Brain disorders and mental illness represent a tremendous social and economic burden, with few effective treatments. The goal of our research is to identify the causes of brain conditions, and develop interventions to restore healthy function using synaptic plasticity and neuromodulation.
We study the striatum, an important brain region for both simple and complex movements and cognitive functions. The striatum contains a variety of cell types, which receive synaptic input from many different sources and relay information through the basal ganglia. We examine the function of neural circuits formed by striatal synapses that connect specific sources and targets.
Our multidisciplinary approach includes quantitative analysis of gene expression; genetic and molecular manipulations of neural circuits; measurement of synaptic function and plasticity using electrophysiology; and optogenetic stimulation of circuits in brain slices and behaving animals.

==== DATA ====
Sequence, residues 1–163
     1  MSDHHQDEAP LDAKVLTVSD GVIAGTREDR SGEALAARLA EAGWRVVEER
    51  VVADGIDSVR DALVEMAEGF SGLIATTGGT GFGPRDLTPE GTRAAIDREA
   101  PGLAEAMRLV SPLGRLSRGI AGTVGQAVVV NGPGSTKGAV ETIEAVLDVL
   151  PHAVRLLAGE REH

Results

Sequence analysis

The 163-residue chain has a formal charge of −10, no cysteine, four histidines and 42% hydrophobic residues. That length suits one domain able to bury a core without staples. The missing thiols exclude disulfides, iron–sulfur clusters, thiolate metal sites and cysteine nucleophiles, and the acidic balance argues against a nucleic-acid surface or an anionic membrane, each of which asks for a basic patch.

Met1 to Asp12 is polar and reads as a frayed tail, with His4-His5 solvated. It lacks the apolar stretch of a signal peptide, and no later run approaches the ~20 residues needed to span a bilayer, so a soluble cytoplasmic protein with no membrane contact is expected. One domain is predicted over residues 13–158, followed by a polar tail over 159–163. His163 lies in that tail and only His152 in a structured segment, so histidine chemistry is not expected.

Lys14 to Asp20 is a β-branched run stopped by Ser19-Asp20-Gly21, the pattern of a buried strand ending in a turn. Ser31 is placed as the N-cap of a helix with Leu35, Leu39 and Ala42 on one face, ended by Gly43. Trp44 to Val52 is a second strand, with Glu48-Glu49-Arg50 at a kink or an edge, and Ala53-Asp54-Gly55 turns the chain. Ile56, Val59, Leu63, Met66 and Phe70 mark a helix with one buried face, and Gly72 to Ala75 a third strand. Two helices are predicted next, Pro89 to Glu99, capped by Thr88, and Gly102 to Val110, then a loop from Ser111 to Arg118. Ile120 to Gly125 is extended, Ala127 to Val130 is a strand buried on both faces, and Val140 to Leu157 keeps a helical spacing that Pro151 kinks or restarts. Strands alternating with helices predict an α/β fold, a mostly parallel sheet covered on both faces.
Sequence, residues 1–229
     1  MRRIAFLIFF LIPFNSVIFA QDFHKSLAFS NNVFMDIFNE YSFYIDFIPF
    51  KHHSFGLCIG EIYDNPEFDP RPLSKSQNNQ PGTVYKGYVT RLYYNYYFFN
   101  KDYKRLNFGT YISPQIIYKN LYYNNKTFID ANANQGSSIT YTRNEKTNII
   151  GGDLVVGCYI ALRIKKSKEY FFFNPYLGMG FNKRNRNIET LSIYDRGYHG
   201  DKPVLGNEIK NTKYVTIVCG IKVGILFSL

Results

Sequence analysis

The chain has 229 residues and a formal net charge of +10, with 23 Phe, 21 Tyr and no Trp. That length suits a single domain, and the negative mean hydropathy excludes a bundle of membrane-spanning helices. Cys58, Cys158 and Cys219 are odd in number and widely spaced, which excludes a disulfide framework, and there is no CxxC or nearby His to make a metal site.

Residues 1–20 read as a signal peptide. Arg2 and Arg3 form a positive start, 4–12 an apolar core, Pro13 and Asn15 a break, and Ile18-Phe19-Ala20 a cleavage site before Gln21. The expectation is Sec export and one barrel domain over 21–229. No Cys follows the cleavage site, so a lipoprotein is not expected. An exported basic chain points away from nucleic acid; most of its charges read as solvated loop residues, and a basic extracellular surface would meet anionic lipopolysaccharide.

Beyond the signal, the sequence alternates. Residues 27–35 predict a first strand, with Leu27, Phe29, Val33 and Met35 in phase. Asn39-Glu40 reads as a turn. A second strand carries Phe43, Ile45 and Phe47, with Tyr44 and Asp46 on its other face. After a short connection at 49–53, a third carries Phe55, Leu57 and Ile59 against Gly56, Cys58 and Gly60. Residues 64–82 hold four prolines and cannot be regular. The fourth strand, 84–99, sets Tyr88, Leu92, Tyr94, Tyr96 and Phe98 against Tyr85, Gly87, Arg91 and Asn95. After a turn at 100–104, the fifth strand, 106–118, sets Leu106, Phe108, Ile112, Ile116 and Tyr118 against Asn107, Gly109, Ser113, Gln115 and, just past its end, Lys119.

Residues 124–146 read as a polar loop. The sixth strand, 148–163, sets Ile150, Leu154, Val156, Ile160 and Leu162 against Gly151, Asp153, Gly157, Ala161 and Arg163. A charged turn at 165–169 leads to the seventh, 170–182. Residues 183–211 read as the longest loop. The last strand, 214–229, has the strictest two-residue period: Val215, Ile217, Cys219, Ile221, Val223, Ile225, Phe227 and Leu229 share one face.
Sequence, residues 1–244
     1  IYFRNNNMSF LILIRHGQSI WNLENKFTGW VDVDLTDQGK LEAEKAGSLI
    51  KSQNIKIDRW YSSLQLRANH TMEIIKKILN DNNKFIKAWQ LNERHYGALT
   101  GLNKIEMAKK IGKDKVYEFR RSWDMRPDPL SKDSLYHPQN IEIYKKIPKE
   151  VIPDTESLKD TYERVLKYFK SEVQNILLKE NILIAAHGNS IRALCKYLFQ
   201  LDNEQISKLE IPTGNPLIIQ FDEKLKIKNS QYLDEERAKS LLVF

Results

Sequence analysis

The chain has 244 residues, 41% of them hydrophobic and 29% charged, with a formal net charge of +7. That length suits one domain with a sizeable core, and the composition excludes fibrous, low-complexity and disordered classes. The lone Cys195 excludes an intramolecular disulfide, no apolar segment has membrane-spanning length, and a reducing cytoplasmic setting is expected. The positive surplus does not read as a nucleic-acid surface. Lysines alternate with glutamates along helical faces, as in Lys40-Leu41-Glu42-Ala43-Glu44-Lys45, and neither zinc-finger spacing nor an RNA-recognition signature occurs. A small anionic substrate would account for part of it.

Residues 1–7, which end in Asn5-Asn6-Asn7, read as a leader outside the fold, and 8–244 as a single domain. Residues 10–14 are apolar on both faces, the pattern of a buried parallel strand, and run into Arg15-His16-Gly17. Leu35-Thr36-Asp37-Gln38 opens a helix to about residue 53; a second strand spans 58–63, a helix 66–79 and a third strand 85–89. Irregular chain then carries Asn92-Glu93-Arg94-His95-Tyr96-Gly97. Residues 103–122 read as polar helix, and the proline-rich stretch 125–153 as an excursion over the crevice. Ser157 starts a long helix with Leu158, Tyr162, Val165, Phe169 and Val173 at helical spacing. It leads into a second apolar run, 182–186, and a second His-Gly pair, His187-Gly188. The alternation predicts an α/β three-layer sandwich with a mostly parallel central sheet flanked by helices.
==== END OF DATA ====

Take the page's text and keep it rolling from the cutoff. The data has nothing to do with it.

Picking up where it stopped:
Our current research focuses on autism spectrum disorders and drug addiction - two seemingly distinct brain conditions that appear to affect overlapping elements of striatal circuitry. We are a collaborative team that strives for inclusion of scientists from all backgrounds. We acknowledge that our lab and campus are built on traditional homelands of the Dakota people.